It is no secret that the Freemasons have been the center of countless conspiracy theories as to their intentions or motivations behind many historical events, such as the American Revolution. Aside from Masonic lodges that were known to be major points of contact between military officers, well-documented Masons contributed to our Declaration of Independence, specifically George Washington. As the general of the First Continental Army, Washington established himself as not only a great military strategist, but as a tactician within the world of espionage. Washington was known to have developed a ring of spies designed to infiltrate military posts and colonies occupied by the British. As to the point of his induction in the Freemasons, historians have written that Washington’s commitment to the fraternity was at the least wavering, if not completely non-existent.
The purpose of my research proposal is to discover and identify Washington’s relationship with the Freemason Brotherhood. Was it for personal and social growth, or to infiltrate the organization in preparation of a revolution? For many, Washington was viewed as a committed Mason, while others did not. Manuscripts and correspondence obtained through the centuries, exhibited Washington as uncommitted.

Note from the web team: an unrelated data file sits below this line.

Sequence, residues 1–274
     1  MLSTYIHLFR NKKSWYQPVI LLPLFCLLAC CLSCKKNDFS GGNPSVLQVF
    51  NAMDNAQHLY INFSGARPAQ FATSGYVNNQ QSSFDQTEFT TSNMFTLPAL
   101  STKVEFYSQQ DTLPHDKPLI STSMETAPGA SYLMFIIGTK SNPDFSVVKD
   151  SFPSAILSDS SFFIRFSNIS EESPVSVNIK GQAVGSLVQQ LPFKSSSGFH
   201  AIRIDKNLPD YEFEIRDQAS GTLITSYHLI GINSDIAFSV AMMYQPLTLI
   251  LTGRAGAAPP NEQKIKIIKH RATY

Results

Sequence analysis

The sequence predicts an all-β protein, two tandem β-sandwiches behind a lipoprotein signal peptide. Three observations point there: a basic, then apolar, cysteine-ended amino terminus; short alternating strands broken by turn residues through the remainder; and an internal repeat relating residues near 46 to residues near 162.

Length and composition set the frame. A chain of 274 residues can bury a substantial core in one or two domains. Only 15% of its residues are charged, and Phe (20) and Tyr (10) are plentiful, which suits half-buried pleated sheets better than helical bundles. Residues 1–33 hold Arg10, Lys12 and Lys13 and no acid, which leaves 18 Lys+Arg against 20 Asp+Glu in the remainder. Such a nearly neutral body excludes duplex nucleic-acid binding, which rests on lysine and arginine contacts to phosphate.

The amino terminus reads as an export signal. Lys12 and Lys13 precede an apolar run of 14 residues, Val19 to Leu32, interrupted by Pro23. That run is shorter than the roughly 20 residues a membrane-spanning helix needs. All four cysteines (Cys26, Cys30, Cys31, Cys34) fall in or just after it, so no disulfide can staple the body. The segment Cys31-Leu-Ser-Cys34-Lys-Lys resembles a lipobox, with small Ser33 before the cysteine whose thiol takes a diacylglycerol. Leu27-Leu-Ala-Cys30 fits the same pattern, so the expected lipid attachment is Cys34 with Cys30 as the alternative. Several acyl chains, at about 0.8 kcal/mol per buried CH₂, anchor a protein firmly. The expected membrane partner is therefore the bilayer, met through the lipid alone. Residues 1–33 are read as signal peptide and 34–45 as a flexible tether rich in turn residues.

In his early years, Washington never took Freemasonry very seriously; for him, as for so many other colonial gentlemen, it was originally just a social club. After he was raised to the third degree in August 1753, he only twice in his life attended a meeting of his Fredericksburg lodge. It was only after the Revolution, when he was President of the United States and the Freemasons had come to be regarded as the men who had made the Revolution, which he attended, in his Masonic apron, the laying of the foundation stone of the Capitol in the new city of Washington, DC, in 1793.
It may be conceivable that Washington’s membership into the Freemason organization was an attempt to penetrate British strongholds with the hopes that classified information may help the colonies claim victory. This notion can invite challenge by experts since any evidence indirectly labels Washington as a spy within the Society.